Justice Department Should Sink Titanic Flour Merger, Even with Rearranged Deck Chairs
Last week, ConAgra Foods, Inc. confessed to its shareholders that it had to delay its proposed wheat flour merger with Cargill because of the ongoing antitrust review by the U.S. Department of Justice. The proposed merger would create a dominant wheat flour milling company that would be twice the size of its next biggest rival, ADM, and more than five times bigger than the third and fourth largest flour milling firms.
The proposed merger (which would create a company called “Ardent Mills”) would have a near stranglehold on buying wheat from farmers and selling flour to bakeries and other food manufacturers. Because Ardent would be so large and have such a heavy footprint across the country, farmers would likely get paid less for their wheat while bakeries would probably pay more for flour, ultimately raising prices for consumers.
Cargill and ConAgra knew this mega-merger would raise eyebrows, so now the companies are talking about selling a few of the flour mills involved in the deal to help make it easier for the Justice Department to swallow a merger resulting in a company that is just too big. ConAgra told its shareholders that the merging companies were “prepared to divest” four flour mills (two in California and one each in Texas and Minnesota). That minor concession just puts lipstick on a pig of a market for wheat and flour that looks a lot like a monopoly in many parts of the country.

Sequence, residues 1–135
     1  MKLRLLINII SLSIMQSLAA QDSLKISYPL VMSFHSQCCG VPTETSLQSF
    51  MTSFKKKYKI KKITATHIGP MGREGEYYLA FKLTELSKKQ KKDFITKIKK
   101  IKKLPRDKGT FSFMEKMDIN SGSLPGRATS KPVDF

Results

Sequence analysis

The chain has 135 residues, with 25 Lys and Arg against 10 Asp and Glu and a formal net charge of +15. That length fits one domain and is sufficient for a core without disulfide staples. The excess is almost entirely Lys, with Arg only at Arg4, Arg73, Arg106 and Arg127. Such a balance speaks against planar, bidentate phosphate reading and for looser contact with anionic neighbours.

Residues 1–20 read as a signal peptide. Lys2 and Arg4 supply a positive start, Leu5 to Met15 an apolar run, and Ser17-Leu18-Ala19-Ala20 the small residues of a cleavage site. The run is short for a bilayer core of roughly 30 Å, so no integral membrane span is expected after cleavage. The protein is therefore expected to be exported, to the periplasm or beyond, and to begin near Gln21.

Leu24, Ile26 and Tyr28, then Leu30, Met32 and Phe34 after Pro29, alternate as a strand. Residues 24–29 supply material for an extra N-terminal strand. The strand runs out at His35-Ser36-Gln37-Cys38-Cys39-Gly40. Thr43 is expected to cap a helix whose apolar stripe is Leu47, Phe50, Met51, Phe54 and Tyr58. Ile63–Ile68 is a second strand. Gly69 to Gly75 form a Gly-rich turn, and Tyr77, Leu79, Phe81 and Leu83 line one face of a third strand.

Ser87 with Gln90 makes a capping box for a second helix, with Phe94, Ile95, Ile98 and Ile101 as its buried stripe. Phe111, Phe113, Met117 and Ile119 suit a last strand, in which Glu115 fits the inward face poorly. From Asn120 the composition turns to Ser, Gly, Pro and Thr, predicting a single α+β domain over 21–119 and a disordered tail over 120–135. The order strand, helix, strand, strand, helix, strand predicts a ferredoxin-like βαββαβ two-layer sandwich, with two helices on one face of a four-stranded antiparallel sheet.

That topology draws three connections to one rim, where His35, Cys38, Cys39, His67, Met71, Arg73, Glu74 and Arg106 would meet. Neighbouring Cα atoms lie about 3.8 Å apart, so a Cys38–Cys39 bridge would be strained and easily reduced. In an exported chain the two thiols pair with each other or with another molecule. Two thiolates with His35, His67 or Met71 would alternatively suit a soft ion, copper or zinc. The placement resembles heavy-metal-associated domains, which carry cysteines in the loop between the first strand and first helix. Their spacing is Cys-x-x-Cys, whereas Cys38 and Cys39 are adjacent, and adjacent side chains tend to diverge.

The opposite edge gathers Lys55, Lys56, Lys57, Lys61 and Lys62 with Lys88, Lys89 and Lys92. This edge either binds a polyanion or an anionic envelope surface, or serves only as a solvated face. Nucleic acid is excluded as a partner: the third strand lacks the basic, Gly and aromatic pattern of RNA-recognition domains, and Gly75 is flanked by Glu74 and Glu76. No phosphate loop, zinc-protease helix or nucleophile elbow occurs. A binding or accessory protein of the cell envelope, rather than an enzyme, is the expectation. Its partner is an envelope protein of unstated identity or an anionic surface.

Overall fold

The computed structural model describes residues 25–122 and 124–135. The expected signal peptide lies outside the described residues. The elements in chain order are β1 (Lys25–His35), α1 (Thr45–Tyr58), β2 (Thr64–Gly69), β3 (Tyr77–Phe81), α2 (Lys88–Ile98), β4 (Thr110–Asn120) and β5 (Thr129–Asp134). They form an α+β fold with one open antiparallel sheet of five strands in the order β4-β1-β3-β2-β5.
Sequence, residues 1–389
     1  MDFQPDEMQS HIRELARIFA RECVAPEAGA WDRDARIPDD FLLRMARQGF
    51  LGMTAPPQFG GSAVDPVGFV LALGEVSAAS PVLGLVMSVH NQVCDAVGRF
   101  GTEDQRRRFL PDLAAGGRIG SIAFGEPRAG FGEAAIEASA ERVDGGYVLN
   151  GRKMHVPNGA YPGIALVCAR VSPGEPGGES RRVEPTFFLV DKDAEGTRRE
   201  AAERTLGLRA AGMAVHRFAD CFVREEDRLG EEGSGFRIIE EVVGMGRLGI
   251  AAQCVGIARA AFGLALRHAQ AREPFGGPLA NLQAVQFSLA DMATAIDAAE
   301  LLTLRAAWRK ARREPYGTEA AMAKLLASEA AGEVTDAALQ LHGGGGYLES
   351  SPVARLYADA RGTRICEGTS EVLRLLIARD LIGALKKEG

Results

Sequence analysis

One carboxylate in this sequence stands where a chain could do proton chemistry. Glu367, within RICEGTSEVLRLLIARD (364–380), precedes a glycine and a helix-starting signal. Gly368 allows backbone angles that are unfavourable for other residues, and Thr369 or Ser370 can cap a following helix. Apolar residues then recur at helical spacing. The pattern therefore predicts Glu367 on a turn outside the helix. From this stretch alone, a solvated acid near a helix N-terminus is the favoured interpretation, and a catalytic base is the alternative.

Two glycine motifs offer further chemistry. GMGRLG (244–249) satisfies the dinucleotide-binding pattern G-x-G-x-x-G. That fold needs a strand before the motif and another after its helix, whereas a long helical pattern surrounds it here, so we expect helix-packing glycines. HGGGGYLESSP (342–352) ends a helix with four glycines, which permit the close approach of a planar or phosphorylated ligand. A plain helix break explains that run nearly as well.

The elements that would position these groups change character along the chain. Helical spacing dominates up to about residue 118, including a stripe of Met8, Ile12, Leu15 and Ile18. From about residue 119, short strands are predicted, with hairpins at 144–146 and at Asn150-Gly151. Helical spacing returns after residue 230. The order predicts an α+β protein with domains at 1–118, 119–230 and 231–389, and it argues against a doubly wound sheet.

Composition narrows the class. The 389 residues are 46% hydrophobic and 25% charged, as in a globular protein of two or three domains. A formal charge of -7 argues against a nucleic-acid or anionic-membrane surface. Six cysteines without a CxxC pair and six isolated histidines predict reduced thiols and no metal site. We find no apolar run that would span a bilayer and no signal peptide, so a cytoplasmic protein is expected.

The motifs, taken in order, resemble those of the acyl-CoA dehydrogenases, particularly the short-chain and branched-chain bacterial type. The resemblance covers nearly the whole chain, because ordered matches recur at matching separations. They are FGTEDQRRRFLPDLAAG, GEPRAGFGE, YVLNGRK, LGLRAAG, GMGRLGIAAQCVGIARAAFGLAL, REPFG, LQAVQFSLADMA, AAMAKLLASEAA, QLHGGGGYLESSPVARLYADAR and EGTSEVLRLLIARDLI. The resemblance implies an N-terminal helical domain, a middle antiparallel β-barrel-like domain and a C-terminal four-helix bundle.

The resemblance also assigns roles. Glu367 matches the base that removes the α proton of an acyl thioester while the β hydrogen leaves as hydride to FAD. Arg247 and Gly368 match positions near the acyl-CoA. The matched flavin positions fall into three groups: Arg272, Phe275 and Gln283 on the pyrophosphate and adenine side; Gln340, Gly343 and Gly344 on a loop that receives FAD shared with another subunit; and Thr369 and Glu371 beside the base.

The proposed flour mill divestment leaves most of the country vulnerable to the Ardent flour monopoly and in some places getting rid of one flour mill does too little to protect farmers or consumers. A large portion of wheat from the Dakotas is milled in Minnesota, but even after selling one Minnesota mill, Ardent would still control half the flour mills in the state.
In other places, the meager divestiture offer would have no effect at all. For wheat farmers in western Kansas and Nebraska and the Colorado Front Range, Ardent would still own 6 of the 11 wheat mills between Omaha, Denver and Wichita. And it would still own 5 out of 8 mills between eastern Pennsylvania and New England with a near stranglehold on selling flour to bakeries, pizza parlors and other food manufacturers between Philadelphia, New York City, Albany and Boston (see map).
The Justice Department should reject this mega-flour merger because it will harm too many farmers and too many consumers. It is another in a series of eye-popping food company mega-mergers this year that Food & Water Watch has opposed (including Sysco-US Foods, Whitewave-Earthbound Farms, ConAgra-Ralcorp and the cross-border Shuanghui-Smithfield deal). The entire food chain is hyper-consolidated into a Foodopoly that lowers the earnings of farmers and increases the prices that consumers pay.
Today, Food & Water Watch and the American Antitrust Institute sent a letter to the Justice Department that dismissed the meager divestment offer and urged the federal antitrust authorities to oppose the proposed flour merger. It is long past time for the Justice Department to step up and reject these mega-mergers and the Cargill-ConAgra flour merger is a good place to start.